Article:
Candidates differ on local priorities |

Candidates differ on local priorities

Aspen Times Staff Report

This is the sixth part in an ongoing series of articles in which The Aspen Times seeks comment on various issues from candidates for city office. We are asking the candidates one question per day and will print their brief answers. Four candidates are seeking election as Aspen’s next mayor and six are vying for two City Council seats. The election is May 4.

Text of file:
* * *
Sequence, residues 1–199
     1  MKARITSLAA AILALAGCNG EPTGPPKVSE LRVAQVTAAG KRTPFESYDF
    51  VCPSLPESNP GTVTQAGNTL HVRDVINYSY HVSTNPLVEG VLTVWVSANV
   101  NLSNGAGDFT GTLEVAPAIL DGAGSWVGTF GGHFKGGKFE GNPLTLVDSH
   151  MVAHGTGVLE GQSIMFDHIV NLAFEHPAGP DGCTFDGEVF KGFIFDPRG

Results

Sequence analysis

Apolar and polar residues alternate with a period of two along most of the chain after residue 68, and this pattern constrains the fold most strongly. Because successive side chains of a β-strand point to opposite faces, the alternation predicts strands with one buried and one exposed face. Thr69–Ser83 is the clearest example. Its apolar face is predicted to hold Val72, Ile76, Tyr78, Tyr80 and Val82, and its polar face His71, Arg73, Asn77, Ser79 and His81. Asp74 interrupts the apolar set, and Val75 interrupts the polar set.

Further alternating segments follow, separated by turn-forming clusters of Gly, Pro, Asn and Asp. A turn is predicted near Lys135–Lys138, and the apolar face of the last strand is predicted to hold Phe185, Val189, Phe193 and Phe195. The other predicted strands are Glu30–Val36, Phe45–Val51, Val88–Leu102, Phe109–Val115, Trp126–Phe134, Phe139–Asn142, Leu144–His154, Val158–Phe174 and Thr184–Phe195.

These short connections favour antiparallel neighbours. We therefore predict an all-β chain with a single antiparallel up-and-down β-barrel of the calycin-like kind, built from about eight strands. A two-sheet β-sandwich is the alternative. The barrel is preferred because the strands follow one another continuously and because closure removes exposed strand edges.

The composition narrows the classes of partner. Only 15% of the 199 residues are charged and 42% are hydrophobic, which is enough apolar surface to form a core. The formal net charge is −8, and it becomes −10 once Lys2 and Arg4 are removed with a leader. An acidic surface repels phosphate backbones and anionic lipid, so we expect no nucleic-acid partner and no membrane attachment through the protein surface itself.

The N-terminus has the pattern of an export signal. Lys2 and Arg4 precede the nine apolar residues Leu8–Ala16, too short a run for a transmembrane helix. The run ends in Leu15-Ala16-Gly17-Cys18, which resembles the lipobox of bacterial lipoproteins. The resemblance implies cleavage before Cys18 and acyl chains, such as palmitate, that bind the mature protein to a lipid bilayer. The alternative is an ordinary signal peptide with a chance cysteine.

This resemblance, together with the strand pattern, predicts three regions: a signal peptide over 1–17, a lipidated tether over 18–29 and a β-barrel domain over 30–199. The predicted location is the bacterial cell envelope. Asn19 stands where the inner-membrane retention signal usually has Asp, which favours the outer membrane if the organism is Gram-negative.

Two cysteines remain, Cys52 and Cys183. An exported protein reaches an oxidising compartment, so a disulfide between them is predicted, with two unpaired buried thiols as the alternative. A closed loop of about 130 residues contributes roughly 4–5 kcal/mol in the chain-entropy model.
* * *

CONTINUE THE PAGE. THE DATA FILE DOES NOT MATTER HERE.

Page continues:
Give us your ranking, in order of importance, of growth control versus open space versus affordable housing. Explain.

Michael O’Sullivan, mayor 1. Growth control. It has and always will be the one dominating issue that affects all of our citizens. By making growth costly, time consuming and difficult, we’ve been successful, to a large degree, at controlling it, but at the cost of driving out the middle class. We must continue to use these limited tools to control private-sector growth.

2. Affordable housing. Although it is a form of growth, it is one I haven’t seen much of, as opposed to growth control. The building of more affordable housing here in the upper valley has many positive attributes, compared to the downside effects of growth, i.e. less traffic, reliable work force.